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How will the NL East fare in the playoffs?

With the Nationals season having concluded, how will their NL East foes fare in the expanded playoffs?

Boston Red Sox v Atlanta Braves Photo by Carmen Mandato/Getty Images

Major League Baseball’s shortened regular season has concluded, and it felt like it took no time at all. Unique to this season, 16 teams made the cut for the postseason, two of which hail from the National League East, the Miami Marlins and Atlanta Braves. What are the chances going forward for the two NL East representatives?

Let’s start with the Marlins.

Early on, Miami was a team that was embroiled in everything skeptics thought could go wrong in a season outside of a “bubble.” With their seemingly widespread COVID-19 contractions, allegedly stemming from a night out in Atlanta, some began thinking that Major League Baseball would ultimately have to shut the whole enterprise down – others thought that, at the very least, the Marlins wouldn’t be able to play as many games as their counterparts. Both camps were wrong.

Not only did Miami play the full 60, they finished with a winning record and a playoff bid. At season’s end, the Fish had amassed a 31-29 record, despite a dismal -41 run differential, which was worst in the division. Nonetheless, they made it work and drew the Chicago Cubs for a three-game set. The last time these two teams met, one Mr. Steve Bartman was in attendance (which, by the way, the Cubs’ fan base was atrocious towards him – no coming back from that, North Siders).

Chicago has since lifted their “curse” after defeating the Cleveland Indians in the 2016 World Series. But the Marlins gave the Cubbies fits in 2003, ultimately signaling the loveable losers exit from the playoffs. Does lightning strike twice? Not in this case.

Odds are this series goes three games. The Marlins pitching hasn’t been good – their 4.86 ERA is 21st in baseball. Fortunately for them, the Cubs’ 91 wRC+ is 21st in baseball, while their 74 home runs are 17th in baseball. This means that the Cubs aren’t exactly an offensive juggernaut, which could lead to some interesting outcomes over the next few days.

The problem here is the Cubs’ pitching versus Marlins’ hitting: The Cubs boast a 3.99 team ERA, which is 10th in baseball. The Marlins 95 wRC+, while better than Chicago’s, doesn’t scream success. In the postseason, it’s alleged that pitching wins championships. At the risk of simplifying my conclusions here, the Cubs marginal edge in that department will play out on the field, resulting in a first round Miami exit.

Not to mention, each team’s head-to-head against opponents with a winning record is won by the Cubs. Chicago went 14-9 against teams above .500, which includes much of their division. Meanwhile, the Marlins were 9-14 under the same circumstances.

I know the Marlins are undefeated in the playoffs by series, but I can’t see them overcoming the Cubs.

GAME 1 RESULT: Marlins 5-1 over Cubs

Now, onto the Braves.

The Braves were expected by many to take control of the East this season. That’s something they managed to do, holding on to first place for the majority of the season, capturing that spot for good on August 16th. They ultimately managed a 35-25 record – an output that mirrors their expected wins-losses given their +60 run differential.

For their fortitude on the diamond, they were gifted the first Wild Card team, the Cincinnati Reds. The Redlegs were 31-29 in a tougher division – ultimately, four central division teams gained entry to the postseason, the most of any division in baseball.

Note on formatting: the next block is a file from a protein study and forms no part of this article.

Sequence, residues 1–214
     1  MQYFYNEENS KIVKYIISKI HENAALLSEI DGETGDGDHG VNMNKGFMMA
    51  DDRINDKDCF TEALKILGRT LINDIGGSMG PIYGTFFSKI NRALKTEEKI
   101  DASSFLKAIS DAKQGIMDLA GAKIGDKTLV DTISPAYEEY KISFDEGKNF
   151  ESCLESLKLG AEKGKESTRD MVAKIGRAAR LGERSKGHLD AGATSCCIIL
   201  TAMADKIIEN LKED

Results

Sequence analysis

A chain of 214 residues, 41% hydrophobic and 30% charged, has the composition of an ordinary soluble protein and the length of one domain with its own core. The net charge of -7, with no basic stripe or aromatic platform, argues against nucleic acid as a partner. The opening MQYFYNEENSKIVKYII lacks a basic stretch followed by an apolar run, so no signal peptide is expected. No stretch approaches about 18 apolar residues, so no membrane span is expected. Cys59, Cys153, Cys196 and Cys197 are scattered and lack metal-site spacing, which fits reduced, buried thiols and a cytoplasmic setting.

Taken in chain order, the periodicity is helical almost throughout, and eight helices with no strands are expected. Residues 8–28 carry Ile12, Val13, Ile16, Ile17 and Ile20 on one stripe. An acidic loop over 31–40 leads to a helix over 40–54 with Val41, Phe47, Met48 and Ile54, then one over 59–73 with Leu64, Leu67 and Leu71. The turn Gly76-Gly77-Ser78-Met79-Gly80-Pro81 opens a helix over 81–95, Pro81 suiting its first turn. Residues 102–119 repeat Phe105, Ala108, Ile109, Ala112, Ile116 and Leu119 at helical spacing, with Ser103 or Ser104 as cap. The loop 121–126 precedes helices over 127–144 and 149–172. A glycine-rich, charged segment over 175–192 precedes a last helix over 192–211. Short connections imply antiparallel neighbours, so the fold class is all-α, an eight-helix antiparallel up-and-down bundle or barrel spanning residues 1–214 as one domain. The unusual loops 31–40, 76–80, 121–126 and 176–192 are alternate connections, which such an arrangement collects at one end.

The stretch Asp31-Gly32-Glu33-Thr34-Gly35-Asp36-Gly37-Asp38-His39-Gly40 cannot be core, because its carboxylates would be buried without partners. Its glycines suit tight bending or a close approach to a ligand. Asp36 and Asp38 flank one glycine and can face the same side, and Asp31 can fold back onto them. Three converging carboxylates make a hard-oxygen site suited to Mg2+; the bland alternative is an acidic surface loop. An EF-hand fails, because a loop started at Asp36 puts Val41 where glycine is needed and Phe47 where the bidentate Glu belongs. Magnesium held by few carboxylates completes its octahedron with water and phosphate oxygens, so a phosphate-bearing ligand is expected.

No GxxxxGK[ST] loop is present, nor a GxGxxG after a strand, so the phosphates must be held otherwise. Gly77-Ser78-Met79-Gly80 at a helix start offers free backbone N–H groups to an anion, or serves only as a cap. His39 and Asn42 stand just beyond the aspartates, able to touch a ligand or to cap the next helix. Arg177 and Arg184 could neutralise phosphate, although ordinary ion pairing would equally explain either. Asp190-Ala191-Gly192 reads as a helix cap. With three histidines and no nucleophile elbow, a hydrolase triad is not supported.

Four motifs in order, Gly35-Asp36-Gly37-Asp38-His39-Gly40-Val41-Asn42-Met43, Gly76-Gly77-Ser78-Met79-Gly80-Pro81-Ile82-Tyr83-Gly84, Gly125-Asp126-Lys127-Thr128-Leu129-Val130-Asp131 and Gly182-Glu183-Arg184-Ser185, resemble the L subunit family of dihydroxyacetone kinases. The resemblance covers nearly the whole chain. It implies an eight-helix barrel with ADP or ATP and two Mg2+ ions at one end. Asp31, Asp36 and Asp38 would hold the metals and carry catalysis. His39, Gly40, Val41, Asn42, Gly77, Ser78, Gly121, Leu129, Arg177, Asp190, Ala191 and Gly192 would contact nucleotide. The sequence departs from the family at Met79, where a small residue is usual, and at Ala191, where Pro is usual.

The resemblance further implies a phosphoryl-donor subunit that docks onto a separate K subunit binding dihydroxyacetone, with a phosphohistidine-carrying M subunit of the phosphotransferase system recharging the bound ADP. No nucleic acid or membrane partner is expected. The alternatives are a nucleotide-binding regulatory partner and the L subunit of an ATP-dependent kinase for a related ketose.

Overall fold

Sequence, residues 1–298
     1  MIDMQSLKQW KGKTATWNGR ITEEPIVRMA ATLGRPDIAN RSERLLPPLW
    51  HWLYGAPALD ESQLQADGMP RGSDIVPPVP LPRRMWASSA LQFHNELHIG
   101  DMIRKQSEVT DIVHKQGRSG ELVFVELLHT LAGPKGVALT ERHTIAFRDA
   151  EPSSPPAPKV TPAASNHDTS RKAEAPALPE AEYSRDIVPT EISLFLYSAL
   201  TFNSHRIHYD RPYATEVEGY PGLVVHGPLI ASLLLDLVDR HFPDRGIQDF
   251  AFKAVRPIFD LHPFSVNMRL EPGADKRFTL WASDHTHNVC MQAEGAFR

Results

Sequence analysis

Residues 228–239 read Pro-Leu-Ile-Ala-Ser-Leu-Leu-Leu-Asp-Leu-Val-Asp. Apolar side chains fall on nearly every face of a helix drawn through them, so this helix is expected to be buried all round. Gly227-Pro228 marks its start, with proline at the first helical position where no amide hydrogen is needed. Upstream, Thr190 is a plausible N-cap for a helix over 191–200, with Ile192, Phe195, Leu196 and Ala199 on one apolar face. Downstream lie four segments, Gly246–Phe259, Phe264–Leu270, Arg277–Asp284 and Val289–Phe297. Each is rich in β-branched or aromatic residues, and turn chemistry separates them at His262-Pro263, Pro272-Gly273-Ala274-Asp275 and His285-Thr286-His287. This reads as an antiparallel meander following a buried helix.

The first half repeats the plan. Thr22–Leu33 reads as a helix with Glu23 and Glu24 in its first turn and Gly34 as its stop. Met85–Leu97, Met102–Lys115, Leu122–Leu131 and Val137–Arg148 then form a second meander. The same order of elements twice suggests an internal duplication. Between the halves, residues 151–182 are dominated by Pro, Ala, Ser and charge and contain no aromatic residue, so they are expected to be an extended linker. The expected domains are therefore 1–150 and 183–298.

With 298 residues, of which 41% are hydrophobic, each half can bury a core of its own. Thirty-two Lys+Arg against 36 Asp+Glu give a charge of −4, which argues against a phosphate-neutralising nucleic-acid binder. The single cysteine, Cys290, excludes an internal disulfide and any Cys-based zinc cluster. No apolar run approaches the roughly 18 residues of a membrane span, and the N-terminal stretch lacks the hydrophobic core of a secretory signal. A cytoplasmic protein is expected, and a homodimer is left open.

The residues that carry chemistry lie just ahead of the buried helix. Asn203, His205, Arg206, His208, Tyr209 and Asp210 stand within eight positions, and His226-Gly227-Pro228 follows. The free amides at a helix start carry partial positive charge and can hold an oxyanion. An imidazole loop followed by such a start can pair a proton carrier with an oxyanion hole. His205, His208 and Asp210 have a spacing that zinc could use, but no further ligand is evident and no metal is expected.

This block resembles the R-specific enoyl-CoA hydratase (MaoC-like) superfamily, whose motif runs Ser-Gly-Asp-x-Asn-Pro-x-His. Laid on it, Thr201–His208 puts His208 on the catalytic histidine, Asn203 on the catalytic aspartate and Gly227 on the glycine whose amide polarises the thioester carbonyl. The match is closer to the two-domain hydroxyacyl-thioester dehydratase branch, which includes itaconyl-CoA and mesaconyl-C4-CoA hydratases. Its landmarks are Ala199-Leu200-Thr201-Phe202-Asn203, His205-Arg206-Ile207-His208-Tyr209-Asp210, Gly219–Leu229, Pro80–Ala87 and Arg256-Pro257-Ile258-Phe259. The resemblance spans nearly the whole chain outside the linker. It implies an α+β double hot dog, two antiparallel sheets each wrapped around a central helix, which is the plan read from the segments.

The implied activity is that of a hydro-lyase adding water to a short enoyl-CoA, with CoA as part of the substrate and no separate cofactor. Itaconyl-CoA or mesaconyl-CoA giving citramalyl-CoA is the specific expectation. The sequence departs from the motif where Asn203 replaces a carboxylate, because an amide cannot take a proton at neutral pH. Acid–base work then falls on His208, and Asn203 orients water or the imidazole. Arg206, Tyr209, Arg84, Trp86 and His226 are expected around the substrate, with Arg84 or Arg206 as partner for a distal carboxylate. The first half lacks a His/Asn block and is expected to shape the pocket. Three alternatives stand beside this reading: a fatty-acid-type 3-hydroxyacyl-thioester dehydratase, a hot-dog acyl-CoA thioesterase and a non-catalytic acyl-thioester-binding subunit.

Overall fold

The Braves were one of the top offensive teams in all of baseball, commanding a 121 wRC+, ranking them third in MLB. The team’s home run total (103) was good for second place.

Finally, Atlanta’s run scoring capability (348) was second only to the Dodgers. In short: This is an offensive heavy, run scoring team.

But they didn’t see as much success on the pitching side of the ball, with a meager 4.46 ERA, which put them squarely in the middle of all of baseball. Their 4.42 FIP says they’re about exactly where they should be.

By contrast, the Reds boast a 3.89 team ERA, ranking them eighth in baseball. The starters’ put up a 3.50 ERA, fourth-best in baseball. Again, in departure with their opponent, the Reds come in with only a 91 wRC+, putting them down with the Mariners and Tigers. They like the home run ball (90), but not as much as the Braves. You’ve got to figure that some of that power is a result of having played their home games at Great American Ball Park.

Lastly, in one-run games, the Braves take edge once again: 11-6 versus 7-8.

It would take a very strong effort from the Reds to best the Braves in this series. Atlanta’s firepower, though perhaps slightly dampened by Cincinnati’s pitching abilities, will likely be too much in the end – particularly if the Reds are having trouble scoring runs, which could be a very real possibility.

A series win to open things up would pit the Braves against either the Marlins or Cubs.

Given what we’ve already learned about those two teams, it seems likely that Atlanta would make their way through to the NLCS to face one of four teams – but most likely the Dodgers.

Though it’s boring to assume both of the top seeds make their way to the NLCS with a shot at the World Series on the line, it seems that no other route is possible. But by the time Atlanta gets there, they’ll likely have met their match and ultimately succumb to the only team that’s been consistently better in the batter’s box this season.

To conclude, the NL East won’t see a champion like it did a year ago, but the Braves will make a bid for the World Series, coming up just short.

GAME 1 RESULT: Braves 1-0 over Reds in 13 innings